A fix to the problem is available with pcabackest version 3.1. This version was released on 21 Sep 2007, with HEASOFT 6.3.2. However, there is no harm in continuing to use maxmodels=2000 on the command line.

Discussion of Impact

Since the SAA history is an integral part of the PCA background estimation process, the problems noted above may have an effect on guest observers' data analysis.

Because the radioactivity effect in the PCA is persistent over several hours, observations after the SAA passage can be affected. The main problem is "missing" SAAs, either caused by data gaps in the SAA history file, or because the SAA component was not applied by pcabackest due to the bug. The effects of missing SAAs can be categorized as follows.

Energy Range

Faint Model
(worst case)

Bright Model
(worst case)

2-5 keV

-9.3%

-27%

5-10 keV

-0.4%

-21%

10-20 keV

-2.1%

-18%

20-50 keV

-0.8%

-23%

Table 3. Worst case errors in the faint and bright models because of missing SAAs. For the faint model the typical errors are about half those shown. The bright model error distribution is very wide. Although the worst case can have errors of up to ~30%, about three fifths of observations have errors less than 2%.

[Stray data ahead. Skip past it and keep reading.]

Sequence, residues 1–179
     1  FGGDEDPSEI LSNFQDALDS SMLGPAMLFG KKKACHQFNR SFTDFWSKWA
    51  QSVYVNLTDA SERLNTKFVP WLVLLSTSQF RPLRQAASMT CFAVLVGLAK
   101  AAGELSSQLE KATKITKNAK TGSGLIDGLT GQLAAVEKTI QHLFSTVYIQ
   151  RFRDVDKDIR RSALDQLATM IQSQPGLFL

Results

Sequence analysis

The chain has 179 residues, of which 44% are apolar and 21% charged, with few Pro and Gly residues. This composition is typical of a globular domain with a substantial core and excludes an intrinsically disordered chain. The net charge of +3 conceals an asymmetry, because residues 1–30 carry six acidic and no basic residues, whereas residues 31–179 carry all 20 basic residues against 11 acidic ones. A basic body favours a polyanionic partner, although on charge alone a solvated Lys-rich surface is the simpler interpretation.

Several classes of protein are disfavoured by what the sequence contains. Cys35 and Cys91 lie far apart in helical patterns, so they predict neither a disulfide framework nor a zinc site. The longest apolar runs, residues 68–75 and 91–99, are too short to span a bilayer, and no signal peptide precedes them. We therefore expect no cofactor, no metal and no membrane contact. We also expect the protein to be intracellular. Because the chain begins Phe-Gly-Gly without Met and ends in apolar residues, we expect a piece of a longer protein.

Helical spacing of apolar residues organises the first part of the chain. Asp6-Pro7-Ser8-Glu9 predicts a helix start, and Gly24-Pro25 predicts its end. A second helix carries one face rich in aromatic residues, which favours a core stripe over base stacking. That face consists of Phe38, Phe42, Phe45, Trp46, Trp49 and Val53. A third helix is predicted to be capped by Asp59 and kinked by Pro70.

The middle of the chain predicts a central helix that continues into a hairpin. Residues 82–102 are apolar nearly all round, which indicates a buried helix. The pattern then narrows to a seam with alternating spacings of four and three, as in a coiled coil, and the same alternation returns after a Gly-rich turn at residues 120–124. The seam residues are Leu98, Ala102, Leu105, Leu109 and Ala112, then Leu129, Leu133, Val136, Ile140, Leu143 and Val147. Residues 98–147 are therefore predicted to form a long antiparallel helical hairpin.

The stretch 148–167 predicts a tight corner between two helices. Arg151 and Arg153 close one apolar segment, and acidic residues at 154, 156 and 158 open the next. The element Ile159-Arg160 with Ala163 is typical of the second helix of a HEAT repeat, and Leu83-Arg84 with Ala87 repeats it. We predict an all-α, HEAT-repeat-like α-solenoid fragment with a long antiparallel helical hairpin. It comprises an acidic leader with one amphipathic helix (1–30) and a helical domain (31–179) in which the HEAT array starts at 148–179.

Faint Model Details

For users of the faint model, large numbers of missing SAAs lead to an error of the background, which has a daily temporal cycle that peaks approximately during the ~5 orbits that pass through the SAA. Most of the error occurs in the 2-5 keV band. Table 3 shows the worst-case impacts (the typical impact is about half of the worst case). To repeat: Table 3 represents the impact to faint model users for data after 2004 and during 1-day SAA history gaps. Single missing SAA passes will cause a much smaller effect.